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1 December 2023
B2B startups' lack of buyer empathy can hinder their growth: but it’s not that hard to find

B2B startups’ lack of buyer empathy can hinder their growth: but it’s not that hard to find

B2B startups are facing a stark reality, as competition increases and funding decreases, the traditional blend of technical and business jargon to promote the latest AI solution isn't cutting it anymore. Nearly half of the metrics that investors consider before investing are customer-centric, placing marketing and sales under the microscope first. On top of that, an overwhelming 60%+ of all raised investment often gets funnelled into marketing support – a huge gamble if it fails to hit the mark.

In this context, having marketing copy that’s generic, uninspiring, boring and lacks any sort of humanity leaves investors wading through the BS to get to the truth of a product or service. And I see this happening all the time in the B2B world.

The core issue? A blatant lack of human empathy and deep understanding of the product’s value from the buyer’s perspective. This disconnect is particularly crippling for startups, who sometimes have very technically-minded teams (read: not the most skilled communicators) and don’t have the time or the money to invest in a good marketing engine.

Don’t get me wrong, developing empathy for a buyer’s problems is hard. Unless you’ve been the buyer and worked to solve their problems personally, then placing yourself in their shoes can be difficult. The solution is to 1) understand the buying journey and 2) give buyers what they are looking for at each stage of that journey. The former is easily understood. The latter requires that you uncover the company’s four foundational insights. I’ll explain them here:

Go deep on how you solve the real problem

This is about defining what you are selling (value proposition, features, benefits) and why it’s needed to solve a challenge your customers have.

To stand out here, you’ll need to capture your first of four foundational insights: your user’s actual challenge – or the ’Real User Problem’, as I call it. Very often the Real User Problem is not the headline ‘category’ problem everyone talks about. It’s most often a nuanced issue that is stopping the buyer creating the change they seek and the problem of buying a solution. That’s the first insight.

The second insight is their ‘Alternatives’: how they are trying to solve the problem. These may be solutions offered by your competitors, but may also be the workarounds and hacks your buyers are adopting. Find these two insights and you have an accurate picture of the needs and behaviours of buyers in the market.  Most businesses spend all their marketing budget on uncovering their brand vision and mission. This is a mistake, because 80-90% of buying effort is actually focused on comparing how competitors in the market solve the Real User Problem.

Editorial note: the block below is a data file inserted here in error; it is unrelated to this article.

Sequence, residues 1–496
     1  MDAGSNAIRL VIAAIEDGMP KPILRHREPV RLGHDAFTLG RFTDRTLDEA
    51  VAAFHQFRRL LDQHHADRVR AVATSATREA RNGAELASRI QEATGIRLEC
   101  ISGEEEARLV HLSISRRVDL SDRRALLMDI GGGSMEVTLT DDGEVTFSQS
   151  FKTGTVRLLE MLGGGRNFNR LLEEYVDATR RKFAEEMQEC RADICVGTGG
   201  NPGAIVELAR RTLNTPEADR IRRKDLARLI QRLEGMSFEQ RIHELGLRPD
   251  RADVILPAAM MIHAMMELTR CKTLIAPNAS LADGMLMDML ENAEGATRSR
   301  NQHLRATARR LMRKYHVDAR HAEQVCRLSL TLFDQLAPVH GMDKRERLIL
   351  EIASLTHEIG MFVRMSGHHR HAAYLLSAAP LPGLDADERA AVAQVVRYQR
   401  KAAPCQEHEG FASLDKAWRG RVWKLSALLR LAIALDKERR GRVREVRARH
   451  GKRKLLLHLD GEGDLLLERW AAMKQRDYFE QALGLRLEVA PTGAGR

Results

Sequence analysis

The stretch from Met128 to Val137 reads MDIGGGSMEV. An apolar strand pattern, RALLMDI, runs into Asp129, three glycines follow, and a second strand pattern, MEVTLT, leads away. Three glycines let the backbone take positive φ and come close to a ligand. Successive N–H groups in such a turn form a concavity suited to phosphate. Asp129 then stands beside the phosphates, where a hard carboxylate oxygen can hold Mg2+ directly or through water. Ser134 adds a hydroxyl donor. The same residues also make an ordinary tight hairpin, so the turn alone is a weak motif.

Articulate what’s unique and inspiring about you

Buyers want to know how you solve the Real User Problem: how you save customers from unsatisfactory Alternatives and how your product takes them to previously impossible new heights.

You need a vision that they want to come part of. So ‘Your Vision’ is the third insight you need to capture. Your company vision combines a view of the world you’re building with a view of the world your customers would (given the vision and tools) like to create. Your vision should reflect a problem that exists and suggest a bold but achievable future. Your task is to find a vision that stretches your customer so they can imagine the gains possible when working with you. ‘Going to Mars’ is an inspiring vision for all involved. ‘Making customer service easy’, is not. You don’t have to go to space to find big visions, you just have to know what your customers want to achieve.

Your last of the four insights is the ‘new thing’ your product or service brings to the market. Your buyers want to know how your approach differs and why it delivers a risk-free result. Your USP, basically. Look for the insights behind your IP or technical innovation. Or from the unique way you’ve designed your solution (people, processes, tech, UX etc) and the resulting experience you create (how the customer will interact with your solution). You will communicate how your new approach is informed by a deep understanding of their problem and how it has been designed to deliver a perfect solution for them.

The only way to truly stand out is to realise that the heart of your business isn’t your product or technology – it’s the people you’re solving problems for. Empathetic, impactful marketing that drives sales and investment is about forging a deep, genuine connection with your buyers; understanding their needs, their challenges, and how they think about solving them to share with them a vision that resonates with their own aspirations. This approach will make them truly understand how much they can gain by working with you.

Martin Bailie is the cofounder of Elysian Fields.